Veterinary Practice and Pet Dentist Leipzig


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Dr. Cornelia Fricke


Oelhafenstr. 7, Leipzig

Pet Clinic Leipzig - Location

+49 341 4616264

Pet Clinic Leipzig - Phone Number

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Vaccinations for Cats


As with humans, there is a Standing Committee on Vaccination (STIKO in Germany) that provides guidelines on the vaccinations to be given to cats.


Recommended vaccinations for indoor and outdoor cats

There are two diseases that indoor and outdoor cats should definitely be vaccinated against.

Feline influenza

The first transmissible viral disease is so-called feline panleukopenia. It is transmitted from cat to cat through various excretions such as feces, urine, nasal discharge and saliva. Even cats that appear healthy can be carriers of the virus. Cats of all ages can fall ill, but unvaccinated young cats (especially between the ages of 6 and 16 weeks) and cats with a weak immune system are particularly at risk. The death rate can be up to 90 percent. Vaccination against feline enteritis is given in the 8th, 12th and 16th week of life. A revaccination takes place after one year and should be repeated regularly (depending on the manufacturer).

Cat flu

The second disease, which is also important for indoor cats, is cat flu. This is a disease caused by a mix of viruses and bacteria (herpes virus, calicivirus, bordetella, chlamydia, feline herpes virus). An infection usually persists for life and outbreaks of the disease occur, particularly under stress, with rhinitis, inflammation of the eyes, ulcers of the mucous membrane of the mouth with a lack of food intake. Even if recovery occurs, late damage (blindness, heavy breathing, etc.) often remains. Vaccination against cat flu is given in the 8th, 12th and 16th week of life, as with feline enteritis. Vaccinations are repeated after one year and regularly thereafter, depending on the vaccine.


Recommended vaccinations for outdoor cats

Outdoor cats should also be vaccinated against feline leukemia and rabies.

Feline leukemia

The feline leukemia virus is transmitted through contact with other cats. The main source of infection is saliva containing the virus. Transmission can occur mainly through mutual sniffing and licking, for example during grooming, and through bites and scratches. There is a particular risk of infection when cats are allowed to roam freely and are kept in groups, especially with new arrivals/foreign contacts, when food bowls, water bowls and litter trays are shared. Puppies can be infected via the mother during pregnancy (intrauterine), via the mother's milk or during grooming.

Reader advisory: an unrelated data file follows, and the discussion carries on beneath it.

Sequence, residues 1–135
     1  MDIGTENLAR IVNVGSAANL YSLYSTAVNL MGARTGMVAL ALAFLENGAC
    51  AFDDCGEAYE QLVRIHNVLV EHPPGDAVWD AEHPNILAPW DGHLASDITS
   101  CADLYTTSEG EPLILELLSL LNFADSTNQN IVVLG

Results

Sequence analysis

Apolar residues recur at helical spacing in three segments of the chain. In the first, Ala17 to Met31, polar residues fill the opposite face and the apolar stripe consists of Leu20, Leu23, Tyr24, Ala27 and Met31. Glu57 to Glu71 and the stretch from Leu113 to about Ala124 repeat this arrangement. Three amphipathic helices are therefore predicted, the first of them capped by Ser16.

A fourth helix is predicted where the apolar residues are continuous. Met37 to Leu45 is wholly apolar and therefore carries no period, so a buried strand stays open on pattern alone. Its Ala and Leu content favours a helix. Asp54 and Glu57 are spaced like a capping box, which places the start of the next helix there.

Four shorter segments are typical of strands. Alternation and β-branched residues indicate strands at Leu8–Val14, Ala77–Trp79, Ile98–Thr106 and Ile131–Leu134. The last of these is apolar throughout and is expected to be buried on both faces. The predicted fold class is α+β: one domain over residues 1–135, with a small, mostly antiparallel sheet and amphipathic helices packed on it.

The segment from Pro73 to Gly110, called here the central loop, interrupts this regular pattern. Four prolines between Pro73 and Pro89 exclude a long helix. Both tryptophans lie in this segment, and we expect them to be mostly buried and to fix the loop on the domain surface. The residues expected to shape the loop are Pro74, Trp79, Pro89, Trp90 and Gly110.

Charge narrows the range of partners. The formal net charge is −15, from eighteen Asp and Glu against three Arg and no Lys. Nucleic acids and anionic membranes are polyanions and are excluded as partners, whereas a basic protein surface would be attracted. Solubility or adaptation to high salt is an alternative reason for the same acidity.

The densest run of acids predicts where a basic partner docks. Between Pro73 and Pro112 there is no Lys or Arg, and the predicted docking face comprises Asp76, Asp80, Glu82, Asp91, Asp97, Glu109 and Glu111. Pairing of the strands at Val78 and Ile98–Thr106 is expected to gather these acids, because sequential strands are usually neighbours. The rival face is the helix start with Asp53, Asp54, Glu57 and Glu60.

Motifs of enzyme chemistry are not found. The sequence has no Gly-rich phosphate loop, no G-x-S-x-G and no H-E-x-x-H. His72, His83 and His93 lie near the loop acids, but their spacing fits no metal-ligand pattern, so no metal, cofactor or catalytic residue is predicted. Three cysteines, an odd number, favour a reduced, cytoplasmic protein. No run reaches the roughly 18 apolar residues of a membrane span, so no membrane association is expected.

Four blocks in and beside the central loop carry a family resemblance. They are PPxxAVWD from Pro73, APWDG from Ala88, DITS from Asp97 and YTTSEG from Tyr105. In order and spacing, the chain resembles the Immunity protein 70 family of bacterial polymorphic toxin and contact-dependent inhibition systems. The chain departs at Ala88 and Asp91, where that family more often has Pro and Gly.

Despite infection, cats can often appear healthy for years. However, they excrete the virus and spread the disease undetected. A blood test for the feline leukemia virus should be carried out before vaccination, as the cat in question may already be infected and the vaccination is therefore of no benefit. Vaccination takes place in the 8th and 12th week of life and is repeated after one year. The subsequent interval depends on the manufacturer. Cats older than 7 years should no longer be vaccinated against FeLV, as the risk of vaccination outweighs the benefit.



Outdoor cats should always be vaccinated against rabies. An infection with rabies is always fatal. It is transmitted through blood and bite wounds. Germany is currently rabies-free in cats. However, there is a risk that this situation could change due to illegally imported puppies. Vaccinations are given from the 12th week of life, repeated after one year and then every 2-3 years depending on the manufacturer.



Dr. med. vet. Cornelia Fricke  

Specialist veterinarian and practice owner

Additional qualifications in cage, zoo and wild birds and reptiles

Veterinary densist (German Society for Animal Dentistry)

Autorin: Dr. med. vet. Cornelia Fricke

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Dr. Cornelia Fricke

Oelhafenstr. 7, 04159 Leipzig


+49 341 4616264

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9 - 11:30 am | 3 - 6 pm


9 - 11:30 am


9 - 11:30 am | 3 - 6 pm


9 - 11:30 am | 3 - 6 pm


9 - 11:30 am | 3 - 6 pm